Thursday, October 29, 2009

The Things They Carried--Tim O'Brien

The Things They Carried is a collection of short stories about Vietnam. As such, it is outside my comfort zone. I don't often watch war movies (Stop-Loss is an exception), and I definitely don't seek out war stories because I prefer for things I read in my spare time to end happily. Or I didn't seek out war stories, not until recently. A friend's upcoming deployment to Afghanistan in a few months has made me frantic; I'm trying desperately to understand something I cannot wrap my brain around: 1) why countries go to war in the first place and 2) how war changes kind, compassionate men and women and makes them do terrible things. I'm also trying to understand the changes in my friend; the beautiful boy with the radiant smile and the immense capacity for caring... he's still there, but he doesn't smile as often and he puts up a front, like he doesn't care anymore.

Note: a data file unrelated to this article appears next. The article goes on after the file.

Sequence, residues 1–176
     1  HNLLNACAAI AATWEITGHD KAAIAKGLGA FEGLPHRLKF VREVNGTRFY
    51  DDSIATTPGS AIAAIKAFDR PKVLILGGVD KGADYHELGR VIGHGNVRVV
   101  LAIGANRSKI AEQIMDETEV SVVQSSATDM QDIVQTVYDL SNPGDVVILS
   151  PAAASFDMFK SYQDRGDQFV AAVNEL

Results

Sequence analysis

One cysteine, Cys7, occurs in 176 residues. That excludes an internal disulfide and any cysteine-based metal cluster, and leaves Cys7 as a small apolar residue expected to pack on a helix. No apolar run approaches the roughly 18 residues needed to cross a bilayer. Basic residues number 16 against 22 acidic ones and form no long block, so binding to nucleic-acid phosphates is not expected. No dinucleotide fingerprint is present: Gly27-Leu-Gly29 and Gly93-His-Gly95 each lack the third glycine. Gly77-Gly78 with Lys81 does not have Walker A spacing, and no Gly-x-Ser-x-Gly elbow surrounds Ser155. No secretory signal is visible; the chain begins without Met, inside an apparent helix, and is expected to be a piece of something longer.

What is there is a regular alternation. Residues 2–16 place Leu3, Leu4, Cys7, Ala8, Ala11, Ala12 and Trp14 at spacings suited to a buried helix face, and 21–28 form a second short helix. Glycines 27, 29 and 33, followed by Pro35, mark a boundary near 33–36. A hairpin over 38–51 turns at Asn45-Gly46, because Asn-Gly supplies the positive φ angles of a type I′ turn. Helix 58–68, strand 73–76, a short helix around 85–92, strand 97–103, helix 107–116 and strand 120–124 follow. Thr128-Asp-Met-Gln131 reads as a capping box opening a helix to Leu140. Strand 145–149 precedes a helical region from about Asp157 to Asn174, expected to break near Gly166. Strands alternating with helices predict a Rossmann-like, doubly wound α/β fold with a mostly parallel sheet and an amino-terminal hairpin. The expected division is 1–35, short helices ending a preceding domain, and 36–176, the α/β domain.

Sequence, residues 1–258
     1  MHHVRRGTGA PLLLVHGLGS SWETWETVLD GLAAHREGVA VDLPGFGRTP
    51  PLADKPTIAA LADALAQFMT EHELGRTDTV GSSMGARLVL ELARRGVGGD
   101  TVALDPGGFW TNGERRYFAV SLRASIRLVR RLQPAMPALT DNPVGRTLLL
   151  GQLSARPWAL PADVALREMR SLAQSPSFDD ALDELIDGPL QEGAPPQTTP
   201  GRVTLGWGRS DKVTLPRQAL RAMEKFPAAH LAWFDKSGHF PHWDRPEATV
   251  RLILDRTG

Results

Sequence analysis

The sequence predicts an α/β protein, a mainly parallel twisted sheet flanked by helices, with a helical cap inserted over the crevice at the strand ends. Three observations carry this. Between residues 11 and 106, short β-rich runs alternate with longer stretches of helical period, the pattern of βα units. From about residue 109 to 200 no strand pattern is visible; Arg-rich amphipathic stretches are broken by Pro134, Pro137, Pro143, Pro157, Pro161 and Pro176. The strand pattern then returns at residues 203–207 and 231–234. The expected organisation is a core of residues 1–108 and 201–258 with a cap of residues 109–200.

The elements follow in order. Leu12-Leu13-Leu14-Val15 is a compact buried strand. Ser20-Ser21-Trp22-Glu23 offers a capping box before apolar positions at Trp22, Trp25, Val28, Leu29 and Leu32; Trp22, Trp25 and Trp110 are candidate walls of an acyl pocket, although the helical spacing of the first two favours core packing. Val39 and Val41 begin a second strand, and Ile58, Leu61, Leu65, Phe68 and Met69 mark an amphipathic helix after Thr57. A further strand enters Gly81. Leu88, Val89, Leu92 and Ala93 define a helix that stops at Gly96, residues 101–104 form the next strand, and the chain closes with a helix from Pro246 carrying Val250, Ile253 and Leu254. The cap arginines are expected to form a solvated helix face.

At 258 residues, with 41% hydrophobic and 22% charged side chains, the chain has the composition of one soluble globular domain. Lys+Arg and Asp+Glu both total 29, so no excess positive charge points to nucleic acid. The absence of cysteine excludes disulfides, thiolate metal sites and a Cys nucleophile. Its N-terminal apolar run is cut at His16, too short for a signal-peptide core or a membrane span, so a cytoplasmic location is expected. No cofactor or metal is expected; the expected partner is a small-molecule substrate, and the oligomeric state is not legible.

But I digress.

The story that had the most impact upon me is the last one, "The Lives of the Dead." In it, O'Brien writes, "We kept the dead alive with stories." This line stopped me in my tracks, so to speak, so instead of doing a typical book review, I would like to tell you a story.

The night before my mother died was a Sunday. I was shopping at Target and came across a DVD of one of mom's favorite comedians, Jeff Dunham. It was on sale, and I had some extra money, so I called mom and asked her if she wanted it. She told me I could buy it if I wanted to, and so I did.

When I came home with it, my mom and dad retreated to their bedroom to watch it. So did the cat. I went to work on homework. I walked by my parents' room to get something and I paused in their doorway. In my mind's eye, I can see my mom laughing and I can remember how she seemed to light up with joy. I came into the room, perched on the edge of my parents' bed and watched. And even now, I can hear mom laughing. And for a moment, it's like she's still here with me.

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